• any amount claimed for interest; and
  • the prescribed costs plus any filing and service fees paid.

Defending a claim

A defendant who has been served with a claim can accept or dispute it. If the defendant decides to dispute the claim then he or she must complete a Notice of Intention to Respond Form or a Defence and Counterclaim Form. The defendant must file within 28 days after the day the claim is served.

If the defendant does not file a defence, or a notice of intention to respond and a defence, within this time then proceedings may be heard in the absence of the defendant or default judgment may be entered, or an order made against the defendant.

Pre-Hearing Conference

A pre-hearing conference (attendance is compulsory) is usually arranged once the parties are ready for trial. The pre-hearing conference is a confidential and informal way of the Court seeking to resolve the dispute and to give the parties an opportunity to narrow and clarify the issues in dispute. A claim can be dismissed or a defence struck out for non-appearance.

If the parties are unable to reach agreement concerning their conflict then the matter will go to hearing for resolution.


When matter will proceed to hearing if it cannot be resolved between the parties. At the hearing the parties can present evidence supporting their position and the Court will decide the matter based on the "balance of probabilities".


Interest is payable on any unpaid amount of a judgment.

Other considerations

Admitting a claim

A debtor has little to gain and much to lose by defending a claim when they have no realistic defence or counterclaim. It is always cheaper to settle a claim than to fight it and lose in court.

Rather than pursue a case that they can't win and then lose, a debtor may be wise to admit the claim and come to an agreement with the creditor, settling the matter on the best possible terms for both parties or accepting the court's order as to how the debt should be paid. Debtor's should also consider the risk of a costs order if they lose.

Action should be taken as soon as a Statement of Claim is received. If the amount claimed is correct and no defence is to be made against the claim, the debtor should make an offer to the creditor and, if possible, reach an agreement before an application for a default judgment is filed. Any agreement should be put into writing and signed by both parties.

Defending a claim

There are a number of defences available to a person being sued for a debt. It is best the debtor speaks to a lawyer or financial counsellor about any defences available. If there has been a breach in the procedural requirements around enforcing the debt (see s 88 NCC for example), the debtor has a claim against the creditor or has paid the debt or dispute the amounts claimed, a defence would be available to the debtor. See also grounds for disputing liability (above) for possible defences.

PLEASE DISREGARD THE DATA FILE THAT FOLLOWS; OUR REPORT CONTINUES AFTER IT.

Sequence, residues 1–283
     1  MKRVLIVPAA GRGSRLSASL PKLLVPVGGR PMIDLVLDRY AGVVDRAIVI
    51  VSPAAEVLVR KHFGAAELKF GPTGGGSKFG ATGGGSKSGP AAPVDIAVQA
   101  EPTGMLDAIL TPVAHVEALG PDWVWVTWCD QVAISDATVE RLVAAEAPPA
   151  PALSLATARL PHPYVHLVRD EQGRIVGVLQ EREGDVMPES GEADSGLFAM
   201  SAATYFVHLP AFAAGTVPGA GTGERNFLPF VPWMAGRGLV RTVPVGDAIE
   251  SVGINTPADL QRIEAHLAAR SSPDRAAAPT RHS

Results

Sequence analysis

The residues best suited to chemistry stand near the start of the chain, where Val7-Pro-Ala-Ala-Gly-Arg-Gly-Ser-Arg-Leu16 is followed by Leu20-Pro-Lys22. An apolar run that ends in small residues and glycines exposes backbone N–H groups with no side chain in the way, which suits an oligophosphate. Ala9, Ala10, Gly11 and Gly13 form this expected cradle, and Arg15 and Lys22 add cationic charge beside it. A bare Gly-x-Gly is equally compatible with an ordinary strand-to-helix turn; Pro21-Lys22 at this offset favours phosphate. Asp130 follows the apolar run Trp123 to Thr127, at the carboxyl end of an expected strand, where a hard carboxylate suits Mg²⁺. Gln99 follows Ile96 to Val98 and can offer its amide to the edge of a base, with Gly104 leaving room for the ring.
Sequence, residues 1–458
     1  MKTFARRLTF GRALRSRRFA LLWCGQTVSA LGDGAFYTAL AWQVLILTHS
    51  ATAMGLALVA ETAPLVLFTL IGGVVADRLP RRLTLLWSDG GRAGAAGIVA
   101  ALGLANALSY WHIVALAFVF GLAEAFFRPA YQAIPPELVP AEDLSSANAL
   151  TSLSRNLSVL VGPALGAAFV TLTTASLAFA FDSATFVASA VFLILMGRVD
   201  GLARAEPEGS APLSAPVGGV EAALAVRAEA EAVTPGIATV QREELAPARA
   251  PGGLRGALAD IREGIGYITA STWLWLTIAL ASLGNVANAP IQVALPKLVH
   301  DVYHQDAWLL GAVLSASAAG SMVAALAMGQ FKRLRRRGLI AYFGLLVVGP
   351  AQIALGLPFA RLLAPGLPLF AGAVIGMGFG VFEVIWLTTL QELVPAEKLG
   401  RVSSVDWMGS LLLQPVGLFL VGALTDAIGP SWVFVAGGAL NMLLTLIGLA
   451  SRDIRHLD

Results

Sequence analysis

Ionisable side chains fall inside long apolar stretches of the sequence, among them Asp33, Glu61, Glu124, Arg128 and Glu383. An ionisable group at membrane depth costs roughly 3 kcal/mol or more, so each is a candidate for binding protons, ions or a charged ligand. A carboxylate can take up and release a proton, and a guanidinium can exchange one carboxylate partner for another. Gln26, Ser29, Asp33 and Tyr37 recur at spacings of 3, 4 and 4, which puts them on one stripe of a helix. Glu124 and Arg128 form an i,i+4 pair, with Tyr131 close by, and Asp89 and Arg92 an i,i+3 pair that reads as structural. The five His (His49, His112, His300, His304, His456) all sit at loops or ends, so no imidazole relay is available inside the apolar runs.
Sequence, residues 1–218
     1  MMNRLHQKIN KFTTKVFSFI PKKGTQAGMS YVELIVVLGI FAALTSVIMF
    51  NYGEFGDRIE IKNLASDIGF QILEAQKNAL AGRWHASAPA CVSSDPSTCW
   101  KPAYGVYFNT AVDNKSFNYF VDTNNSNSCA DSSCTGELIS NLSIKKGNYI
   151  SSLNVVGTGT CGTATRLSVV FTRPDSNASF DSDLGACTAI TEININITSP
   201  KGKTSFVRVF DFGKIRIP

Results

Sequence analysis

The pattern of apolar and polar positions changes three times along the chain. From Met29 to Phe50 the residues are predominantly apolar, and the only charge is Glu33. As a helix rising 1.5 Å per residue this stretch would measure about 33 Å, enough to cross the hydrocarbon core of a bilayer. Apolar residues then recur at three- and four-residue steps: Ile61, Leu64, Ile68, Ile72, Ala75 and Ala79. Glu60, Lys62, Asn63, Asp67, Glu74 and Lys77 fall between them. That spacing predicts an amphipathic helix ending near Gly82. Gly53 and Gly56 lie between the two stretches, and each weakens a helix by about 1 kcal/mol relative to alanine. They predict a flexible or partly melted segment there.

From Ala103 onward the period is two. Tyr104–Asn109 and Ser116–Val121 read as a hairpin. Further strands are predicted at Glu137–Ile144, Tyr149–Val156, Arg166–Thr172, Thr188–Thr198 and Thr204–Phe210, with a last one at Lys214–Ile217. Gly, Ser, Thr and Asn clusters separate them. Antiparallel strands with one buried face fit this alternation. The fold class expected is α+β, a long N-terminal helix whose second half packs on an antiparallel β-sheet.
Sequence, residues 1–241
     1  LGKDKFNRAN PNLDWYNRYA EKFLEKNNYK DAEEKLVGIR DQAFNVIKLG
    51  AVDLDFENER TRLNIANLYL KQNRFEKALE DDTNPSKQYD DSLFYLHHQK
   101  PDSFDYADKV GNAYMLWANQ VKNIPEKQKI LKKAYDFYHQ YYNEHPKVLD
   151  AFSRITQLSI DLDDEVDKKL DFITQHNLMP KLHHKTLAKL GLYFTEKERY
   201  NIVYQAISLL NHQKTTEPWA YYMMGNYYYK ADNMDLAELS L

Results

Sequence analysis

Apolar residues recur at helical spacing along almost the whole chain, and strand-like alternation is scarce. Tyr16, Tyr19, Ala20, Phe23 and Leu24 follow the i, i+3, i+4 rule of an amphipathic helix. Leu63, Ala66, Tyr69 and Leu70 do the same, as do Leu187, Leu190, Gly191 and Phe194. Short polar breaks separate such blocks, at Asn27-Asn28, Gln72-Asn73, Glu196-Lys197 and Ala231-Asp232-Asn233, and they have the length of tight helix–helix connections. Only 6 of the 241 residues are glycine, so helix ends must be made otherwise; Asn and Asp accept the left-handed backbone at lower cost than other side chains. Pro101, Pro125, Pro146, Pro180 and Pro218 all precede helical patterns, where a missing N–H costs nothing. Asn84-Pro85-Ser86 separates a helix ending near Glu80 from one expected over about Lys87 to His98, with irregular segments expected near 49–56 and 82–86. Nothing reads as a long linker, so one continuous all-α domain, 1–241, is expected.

A counterclaim can be made where the debtor claims the creditor owes them money, where the goods bought from the creditor were defective or where the debtor is making a claim for damages from the creditor. A debtor can make a payment into court which takes into account any counterclaim against the creditor. A counterclaim must be included in the defence and counterclaim and should contain a statement of the nature of the claim, details of the facts and the amount of money claimed. If the creditor accepts the money, both their claim and the debtor's counterclaim are generally seen to be settled.

Setting the judgment aside

A default judgment is not necessarily final because the court has the power to set it aside.

If a court has made an order to pay a debt against a person, that person may apply to have the order set aside if, without any fault on their part, did not know about the initiating process in sufficient time to file a notice of intention to respond or defence and has a good defence on the merits (see Rule 6561 of the CPR).

Rule 6561 of the CPR provides that the application may only be made within 1 year after the day of the default judgment or, if the 1-year period has expired, within the period from the day the defendant learns of the default judgment that the court considers reasonable in the circumstances.